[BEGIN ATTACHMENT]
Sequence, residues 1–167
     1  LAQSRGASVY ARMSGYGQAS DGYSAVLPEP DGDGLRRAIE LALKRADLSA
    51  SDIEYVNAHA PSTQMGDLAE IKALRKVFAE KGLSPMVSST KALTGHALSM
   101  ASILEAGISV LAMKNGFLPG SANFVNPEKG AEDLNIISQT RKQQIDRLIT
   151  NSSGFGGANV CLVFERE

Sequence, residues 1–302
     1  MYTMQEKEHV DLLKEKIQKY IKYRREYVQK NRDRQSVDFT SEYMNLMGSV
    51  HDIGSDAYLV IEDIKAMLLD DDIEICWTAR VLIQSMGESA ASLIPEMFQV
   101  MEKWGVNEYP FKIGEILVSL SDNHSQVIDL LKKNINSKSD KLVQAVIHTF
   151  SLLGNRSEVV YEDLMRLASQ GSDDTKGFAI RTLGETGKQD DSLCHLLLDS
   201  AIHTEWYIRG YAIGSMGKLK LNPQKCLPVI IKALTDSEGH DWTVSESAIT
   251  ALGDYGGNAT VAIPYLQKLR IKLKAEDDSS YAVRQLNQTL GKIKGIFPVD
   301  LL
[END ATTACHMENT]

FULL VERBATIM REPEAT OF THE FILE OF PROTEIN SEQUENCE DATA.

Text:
Sequence, residues 1–167
     1  LAQSRGASVY ARMSGYGQAS DGYSAVLPEP DGDGLRRAIE LALKRADLSA
    51  SDIEYVNAHA PSTQMGDLAE IKALRKVFAE KGLSPMVSST KALTGHALSM
   101  ASILEAGISV LAMKNGFLPG SANFVNPEKG AEDLNIISQT RKQQIDRLIT
   151  NSSGFGGANV CLVFERE

Sequence, residues 1–302
     1  MYTMQEKEHV DLLKEKIQKY IKYRREYVQK NRDRQSVDFT SEYMNLMGSV
    51  HDIGSDAYLV IEDIKAMLLD DDIEICWTAR VLIQSMGESA ASLIPEMFQV
   101  MEKWGVNEYP FKIGEILVSL SDNHSQVIDL LKKNINSKSD KLVQAVIHTF
   151  SLLGNRSEVV YEDLMRLASQ GSDDTKGFAI RTLGETGKQD DSLCHLLLDS
   201  AIHTEWYIRG YAIGSMGKLK LNPQKCLPVI IKALTDSEGH DWTVSESAIT
   251  ALGDYGGNAT VAIPYLQKLR IKLKAEDDSS YAVRQLNQTL GKIKGIFPVD
   301  LL